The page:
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Jewish World Review
April 9, 2010
/ 25 Nissan, 5770
The secret life of appliances
Nothing is what it seems in the world of appliances. When our washing machine went kaput, I went shopping for a new one and asked for a brand name you know, the one with the lonely repairman who never has any work and waits for women to call.
The salesman said, "Sure, I can show you that brand. This five-speed top-load baby has your brand name right there on top but that's not really who made it."
When our refrigerator joined the breakdown conspiracy a month later, we replaced it with a sleek side-by-side number. I'd tell you the brand, but that salesman also said the brand names don't mean what they used to. He said a number of different brands share the same manufacturer and are built with the same manufactured parts.
That probably explains why my parents once had a Kenmore stove delivered from Sears, opened the bottom drawer and found a GE information booklet.
That refrigerator we bought came with a phone number to call for repair information in New Zealand. I am curious what the charge would be for a home-service call. Probably more than your basic $79.95, what with the cost of transcontinental air-fare, shuttles and a hotel with a breakfast bar.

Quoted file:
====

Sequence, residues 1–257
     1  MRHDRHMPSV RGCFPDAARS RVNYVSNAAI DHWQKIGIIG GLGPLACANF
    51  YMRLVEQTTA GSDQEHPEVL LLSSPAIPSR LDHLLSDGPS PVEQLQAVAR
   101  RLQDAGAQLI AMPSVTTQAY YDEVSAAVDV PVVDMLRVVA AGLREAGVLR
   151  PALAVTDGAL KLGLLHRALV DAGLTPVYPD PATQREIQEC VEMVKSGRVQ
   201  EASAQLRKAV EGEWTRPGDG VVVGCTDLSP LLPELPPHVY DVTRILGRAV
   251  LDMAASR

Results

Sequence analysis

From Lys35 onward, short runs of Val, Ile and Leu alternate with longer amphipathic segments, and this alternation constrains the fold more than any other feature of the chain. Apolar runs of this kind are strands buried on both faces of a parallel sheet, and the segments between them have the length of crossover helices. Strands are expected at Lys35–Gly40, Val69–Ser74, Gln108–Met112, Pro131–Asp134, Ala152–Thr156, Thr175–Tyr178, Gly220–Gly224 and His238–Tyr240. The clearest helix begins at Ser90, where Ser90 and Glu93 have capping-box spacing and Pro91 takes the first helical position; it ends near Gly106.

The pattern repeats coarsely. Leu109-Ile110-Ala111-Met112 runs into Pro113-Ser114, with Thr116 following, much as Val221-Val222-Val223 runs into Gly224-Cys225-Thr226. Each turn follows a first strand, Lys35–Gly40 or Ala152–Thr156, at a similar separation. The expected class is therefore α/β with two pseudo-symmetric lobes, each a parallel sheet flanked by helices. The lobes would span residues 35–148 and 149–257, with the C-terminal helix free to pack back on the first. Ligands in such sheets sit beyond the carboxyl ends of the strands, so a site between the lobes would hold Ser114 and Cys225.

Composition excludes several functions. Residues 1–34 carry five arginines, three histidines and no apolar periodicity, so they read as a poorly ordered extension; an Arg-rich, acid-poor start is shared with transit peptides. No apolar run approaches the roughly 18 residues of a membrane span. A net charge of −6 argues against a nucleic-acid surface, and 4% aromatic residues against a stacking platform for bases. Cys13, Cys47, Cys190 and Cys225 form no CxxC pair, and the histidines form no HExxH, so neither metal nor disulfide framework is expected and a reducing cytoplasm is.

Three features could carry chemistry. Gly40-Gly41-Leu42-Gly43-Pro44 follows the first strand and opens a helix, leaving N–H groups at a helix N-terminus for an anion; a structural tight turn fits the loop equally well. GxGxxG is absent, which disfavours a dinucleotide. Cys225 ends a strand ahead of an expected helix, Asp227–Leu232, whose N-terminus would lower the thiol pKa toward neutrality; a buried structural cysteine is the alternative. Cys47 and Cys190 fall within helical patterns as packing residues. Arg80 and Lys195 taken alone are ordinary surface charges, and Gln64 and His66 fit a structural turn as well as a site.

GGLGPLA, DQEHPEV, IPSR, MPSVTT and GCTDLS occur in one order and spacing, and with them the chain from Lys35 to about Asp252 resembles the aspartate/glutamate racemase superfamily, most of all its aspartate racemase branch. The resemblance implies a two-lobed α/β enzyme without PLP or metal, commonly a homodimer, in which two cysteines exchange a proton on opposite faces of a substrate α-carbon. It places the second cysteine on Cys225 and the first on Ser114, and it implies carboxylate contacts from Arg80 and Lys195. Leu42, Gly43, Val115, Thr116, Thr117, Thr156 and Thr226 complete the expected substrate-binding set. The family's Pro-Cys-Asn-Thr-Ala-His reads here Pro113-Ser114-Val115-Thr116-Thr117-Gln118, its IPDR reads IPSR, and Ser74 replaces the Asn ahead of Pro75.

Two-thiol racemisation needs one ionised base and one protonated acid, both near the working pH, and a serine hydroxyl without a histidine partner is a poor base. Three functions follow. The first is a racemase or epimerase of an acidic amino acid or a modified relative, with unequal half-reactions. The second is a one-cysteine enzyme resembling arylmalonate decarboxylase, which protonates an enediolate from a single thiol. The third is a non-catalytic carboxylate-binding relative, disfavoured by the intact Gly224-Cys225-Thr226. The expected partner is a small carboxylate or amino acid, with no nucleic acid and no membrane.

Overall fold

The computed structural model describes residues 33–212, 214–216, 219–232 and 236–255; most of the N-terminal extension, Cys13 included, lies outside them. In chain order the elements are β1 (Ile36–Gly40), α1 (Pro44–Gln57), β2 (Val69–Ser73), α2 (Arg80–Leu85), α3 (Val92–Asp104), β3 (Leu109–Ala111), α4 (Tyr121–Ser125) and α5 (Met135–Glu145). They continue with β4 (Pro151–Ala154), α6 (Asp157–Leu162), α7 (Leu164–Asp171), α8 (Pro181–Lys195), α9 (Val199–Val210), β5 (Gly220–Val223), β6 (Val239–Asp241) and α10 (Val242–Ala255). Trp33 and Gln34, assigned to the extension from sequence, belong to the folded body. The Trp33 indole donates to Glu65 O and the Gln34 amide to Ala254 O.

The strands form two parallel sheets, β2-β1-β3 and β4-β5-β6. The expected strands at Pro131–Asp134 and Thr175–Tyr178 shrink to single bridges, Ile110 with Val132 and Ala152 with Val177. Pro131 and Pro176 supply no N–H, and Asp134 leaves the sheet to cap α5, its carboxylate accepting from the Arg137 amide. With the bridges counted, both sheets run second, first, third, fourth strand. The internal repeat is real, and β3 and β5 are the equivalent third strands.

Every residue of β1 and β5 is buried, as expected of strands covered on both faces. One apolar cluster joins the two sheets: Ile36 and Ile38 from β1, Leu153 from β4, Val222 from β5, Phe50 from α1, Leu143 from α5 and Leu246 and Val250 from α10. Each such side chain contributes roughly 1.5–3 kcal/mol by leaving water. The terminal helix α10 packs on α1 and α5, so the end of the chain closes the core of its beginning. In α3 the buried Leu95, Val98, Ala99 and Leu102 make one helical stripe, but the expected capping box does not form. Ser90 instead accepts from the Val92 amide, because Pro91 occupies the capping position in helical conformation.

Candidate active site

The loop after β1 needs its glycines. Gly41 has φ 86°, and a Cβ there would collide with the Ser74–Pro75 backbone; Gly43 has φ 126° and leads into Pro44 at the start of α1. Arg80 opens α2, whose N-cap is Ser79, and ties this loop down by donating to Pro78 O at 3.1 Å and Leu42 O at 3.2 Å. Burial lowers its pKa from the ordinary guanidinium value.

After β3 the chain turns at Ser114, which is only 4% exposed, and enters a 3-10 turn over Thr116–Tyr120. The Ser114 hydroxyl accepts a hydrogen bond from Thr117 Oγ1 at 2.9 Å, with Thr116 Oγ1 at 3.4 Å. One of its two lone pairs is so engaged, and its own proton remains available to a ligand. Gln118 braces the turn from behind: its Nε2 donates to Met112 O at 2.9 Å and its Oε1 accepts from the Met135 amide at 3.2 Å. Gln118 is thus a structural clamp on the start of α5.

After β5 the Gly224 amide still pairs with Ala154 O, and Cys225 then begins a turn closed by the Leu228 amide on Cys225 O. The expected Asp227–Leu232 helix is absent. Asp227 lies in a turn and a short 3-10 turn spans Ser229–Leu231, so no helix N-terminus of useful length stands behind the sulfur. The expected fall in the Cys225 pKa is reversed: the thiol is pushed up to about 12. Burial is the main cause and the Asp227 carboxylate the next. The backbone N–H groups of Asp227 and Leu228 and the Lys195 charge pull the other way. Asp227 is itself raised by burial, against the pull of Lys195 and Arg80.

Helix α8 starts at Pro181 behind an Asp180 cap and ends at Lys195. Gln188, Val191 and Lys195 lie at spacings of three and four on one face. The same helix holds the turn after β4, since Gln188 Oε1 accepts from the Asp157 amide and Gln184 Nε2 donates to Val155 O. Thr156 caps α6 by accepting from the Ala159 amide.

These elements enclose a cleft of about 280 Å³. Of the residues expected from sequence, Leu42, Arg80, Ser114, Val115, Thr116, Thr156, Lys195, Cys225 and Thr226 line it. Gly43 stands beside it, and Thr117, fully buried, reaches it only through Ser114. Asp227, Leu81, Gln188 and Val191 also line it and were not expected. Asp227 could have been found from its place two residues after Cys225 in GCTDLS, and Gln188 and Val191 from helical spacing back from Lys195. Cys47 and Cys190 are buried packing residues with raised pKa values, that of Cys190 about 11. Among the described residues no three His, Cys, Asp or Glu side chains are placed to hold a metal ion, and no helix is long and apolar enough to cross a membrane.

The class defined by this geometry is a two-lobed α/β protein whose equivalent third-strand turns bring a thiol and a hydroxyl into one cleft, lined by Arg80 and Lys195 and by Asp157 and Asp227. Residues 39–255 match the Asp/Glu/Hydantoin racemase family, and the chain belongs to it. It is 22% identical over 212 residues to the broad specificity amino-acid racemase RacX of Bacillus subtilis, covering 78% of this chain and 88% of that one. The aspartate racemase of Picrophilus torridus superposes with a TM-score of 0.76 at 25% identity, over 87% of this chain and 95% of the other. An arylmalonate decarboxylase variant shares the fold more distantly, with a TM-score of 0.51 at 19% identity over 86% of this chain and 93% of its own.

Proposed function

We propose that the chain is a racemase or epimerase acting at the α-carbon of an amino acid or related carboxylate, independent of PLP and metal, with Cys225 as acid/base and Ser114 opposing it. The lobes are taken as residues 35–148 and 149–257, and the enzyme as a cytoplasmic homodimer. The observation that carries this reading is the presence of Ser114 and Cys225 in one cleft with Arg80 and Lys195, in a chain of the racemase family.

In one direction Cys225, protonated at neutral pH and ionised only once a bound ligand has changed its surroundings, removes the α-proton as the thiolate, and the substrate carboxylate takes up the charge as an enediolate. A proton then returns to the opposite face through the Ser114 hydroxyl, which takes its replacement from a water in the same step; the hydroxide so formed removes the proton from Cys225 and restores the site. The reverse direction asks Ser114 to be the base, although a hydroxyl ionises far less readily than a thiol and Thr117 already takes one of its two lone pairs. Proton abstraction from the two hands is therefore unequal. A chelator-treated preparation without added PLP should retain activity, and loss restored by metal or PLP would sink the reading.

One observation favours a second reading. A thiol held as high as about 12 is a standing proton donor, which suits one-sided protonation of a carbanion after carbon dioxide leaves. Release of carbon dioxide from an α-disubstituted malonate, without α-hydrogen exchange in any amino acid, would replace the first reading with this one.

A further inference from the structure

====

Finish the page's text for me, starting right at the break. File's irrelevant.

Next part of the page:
Consumer Reports played Six Degrees of Kevin Bacon, finding connections between appliances instead of celebrities. Whirlpool makes appliances for Whirlpool, KitchenAid and Gladiator, Admiral, Amana, Jenn-Air, Magic Chef and Maytag. And in yet another conquest, Whirlpool also makes appliances for IKEA and Kenmore. If they ever make a movie about the relationships between appliances, it will be rated R.
Kenmore, one of the more amorous lines of appliances, not only has a relationship with Whirlpool, but also maintains liaisons with Frigidaire and LG.
Appliances change partners more often than the leads in soap operas. Just when you think all these appliance liaisons could not grow any more risqué, Electrolux, the high-end Swedish manufacturer, begins cavorting about with Frigidaire and Tappan. Do their flat top ranges never even blush?
Electrolux, spotted on the red carpet with Sears, also heats things up with Kenmore and Kenmore Pro.
I recently gave my credit card number over the phone to purchase a small appliance that was made by who knows what company and told the customer service representative it was a MasterCard. She took the number and said, "Nope, it's a VISA."
I corrected her and said, "No, the card used to be VISA, but now it's a MasterCard."
"Not anymore," she said. "That line of MasterCard, was bought out by VISA."
It's a sad day when you can't trust your plastic. Or the brand name on your kitchen appliances.
The brand you thought you bought probably belongs to another company, and even that company could have been bought out by the time you finish reading this piece.
It even makes you wonder if the Maytag man is as lonely as he claims or if he secretly has a full and busy social life.
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JWR contributor Lori Borgman is the author of , most recently, "Catching Christmas" (Click HERE to purchase. Sales help fund JWR.) and I Was a Better Mother Before I Had Kids To comment, please click here. To visit her website click here.
© 2009, Lori Borgman